Please bear with me during this transition.
Month: September 2014
Rochambeau, Washington’s Ideal Lieutenant
My friends tell me that this history book reads more like a novel than a dull, dry account and it’s a page-turner! I love hearing this as we all know the ending of the American Revolution, but the real, true story that led to this conclusion, turns out to be more thrilling!
Beginning and ending with Rochambeau, my book traces his early life in the bosom of his military ancestors through his participation in multiple European sieges, recognition by King Louis XVI for valor in battle, and his late night summons from the king to prepare to lead an American expedition, a “special delivery” of French troops and hard currency to aid the revolutionaries.
Although Washington’s cause for liberty neared failure, upon his arrival in Rhode Island, Rochambeau was received with skepticism even as he placed himself under the command of General Washington, seven years his junior, an ocean’s distance from his king and home
Over a little more than a year’s time Rochambeau and Washington forged a working relationship in spite of their differences in age, background, experience, and preferred military strategy. Eventually they merged their two armies on the Hudson Highlands of New York having determined that without the aid of France’s navy, their mission to oust the British would fail.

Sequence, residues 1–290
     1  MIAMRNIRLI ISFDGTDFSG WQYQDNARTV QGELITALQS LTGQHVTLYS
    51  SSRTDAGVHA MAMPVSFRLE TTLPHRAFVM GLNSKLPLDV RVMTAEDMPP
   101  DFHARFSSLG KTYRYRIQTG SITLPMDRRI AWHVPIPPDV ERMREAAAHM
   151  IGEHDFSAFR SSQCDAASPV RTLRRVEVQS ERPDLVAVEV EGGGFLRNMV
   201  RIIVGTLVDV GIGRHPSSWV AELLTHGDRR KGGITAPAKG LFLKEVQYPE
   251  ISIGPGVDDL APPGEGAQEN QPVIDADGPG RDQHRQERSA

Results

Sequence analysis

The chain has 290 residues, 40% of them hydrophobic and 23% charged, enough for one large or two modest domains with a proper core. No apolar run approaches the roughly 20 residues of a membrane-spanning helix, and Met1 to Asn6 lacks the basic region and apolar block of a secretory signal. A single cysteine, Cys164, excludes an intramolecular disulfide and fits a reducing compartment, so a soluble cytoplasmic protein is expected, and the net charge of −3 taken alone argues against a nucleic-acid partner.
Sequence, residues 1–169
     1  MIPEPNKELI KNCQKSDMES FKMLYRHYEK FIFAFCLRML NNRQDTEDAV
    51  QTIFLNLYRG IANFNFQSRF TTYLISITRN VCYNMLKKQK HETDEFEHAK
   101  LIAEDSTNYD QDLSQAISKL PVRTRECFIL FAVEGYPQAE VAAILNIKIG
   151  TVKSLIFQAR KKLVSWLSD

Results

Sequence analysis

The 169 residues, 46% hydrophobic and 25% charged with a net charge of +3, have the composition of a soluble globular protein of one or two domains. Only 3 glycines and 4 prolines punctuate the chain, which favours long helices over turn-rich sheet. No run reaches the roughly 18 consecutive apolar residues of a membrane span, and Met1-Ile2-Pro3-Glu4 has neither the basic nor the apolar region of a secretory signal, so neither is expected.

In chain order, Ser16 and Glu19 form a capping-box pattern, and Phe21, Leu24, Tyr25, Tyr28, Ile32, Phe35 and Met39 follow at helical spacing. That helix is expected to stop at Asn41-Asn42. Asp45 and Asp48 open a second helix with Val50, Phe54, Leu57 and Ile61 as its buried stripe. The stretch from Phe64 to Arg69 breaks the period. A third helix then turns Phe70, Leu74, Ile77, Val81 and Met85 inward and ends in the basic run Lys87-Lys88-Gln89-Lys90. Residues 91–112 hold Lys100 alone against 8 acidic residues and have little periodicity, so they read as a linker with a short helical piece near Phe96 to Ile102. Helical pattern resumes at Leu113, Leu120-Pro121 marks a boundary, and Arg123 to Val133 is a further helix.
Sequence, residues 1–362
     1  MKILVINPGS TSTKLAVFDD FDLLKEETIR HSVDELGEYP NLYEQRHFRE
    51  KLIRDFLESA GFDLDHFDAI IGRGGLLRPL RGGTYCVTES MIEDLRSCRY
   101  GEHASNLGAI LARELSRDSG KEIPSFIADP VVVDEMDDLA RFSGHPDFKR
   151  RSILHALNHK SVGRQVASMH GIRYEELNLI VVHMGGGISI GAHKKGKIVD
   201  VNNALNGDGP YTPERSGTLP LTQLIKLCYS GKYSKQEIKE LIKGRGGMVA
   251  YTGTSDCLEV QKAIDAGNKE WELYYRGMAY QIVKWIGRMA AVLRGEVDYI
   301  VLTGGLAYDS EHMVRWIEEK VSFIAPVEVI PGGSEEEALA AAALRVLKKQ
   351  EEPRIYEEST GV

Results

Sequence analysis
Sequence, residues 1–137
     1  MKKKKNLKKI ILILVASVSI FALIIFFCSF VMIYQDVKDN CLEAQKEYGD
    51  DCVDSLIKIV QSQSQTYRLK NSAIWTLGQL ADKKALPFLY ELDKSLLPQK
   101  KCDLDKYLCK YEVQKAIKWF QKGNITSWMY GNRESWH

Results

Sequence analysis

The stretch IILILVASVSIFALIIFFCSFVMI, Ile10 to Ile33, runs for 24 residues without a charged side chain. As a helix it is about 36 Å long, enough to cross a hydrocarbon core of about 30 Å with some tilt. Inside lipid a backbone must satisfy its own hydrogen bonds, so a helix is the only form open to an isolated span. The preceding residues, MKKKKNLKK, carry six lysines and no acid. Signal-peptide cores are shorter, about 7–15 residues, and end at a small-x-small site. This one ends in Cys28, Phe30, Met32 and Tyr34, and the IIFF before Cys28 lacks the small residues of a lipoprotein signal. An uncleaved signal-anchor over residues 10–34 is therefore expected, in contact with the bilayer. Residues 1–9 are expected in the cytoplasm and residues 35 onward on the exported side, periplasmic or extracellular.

Patiently waiting for events to fall into place, most importantly for the French navy’s arrival at the Chesapeake, Rochambeau, who spoke little English was thousands of miles from his normal supply lines, displayed patience and sound judgment in convincing Washington to take the final battle of the American Revolution to Virginia.
Rochambeau’s 700 mile march to victory in Virginia is laced with personal accounts of American and French officers and soldiers who braved the hazards and deprivations of their nearly three year campaign over what is now named The Washington-Rochambeau Revolutionary Route, aka the W3R.
My biography/military history concludes with Rochambeau’s return to France, his involvement in the French Revolution, narrowly missing the guillotine’s blade, followed by the honors bestowed on him by king and emperor and finally his quiet retirement and death in the peace and quiet of his ancestral home, the Chateau de Rochambeau.
I wish you hours of true enjoyment learning about the birthing of America ~
Jini Jones Vail, Author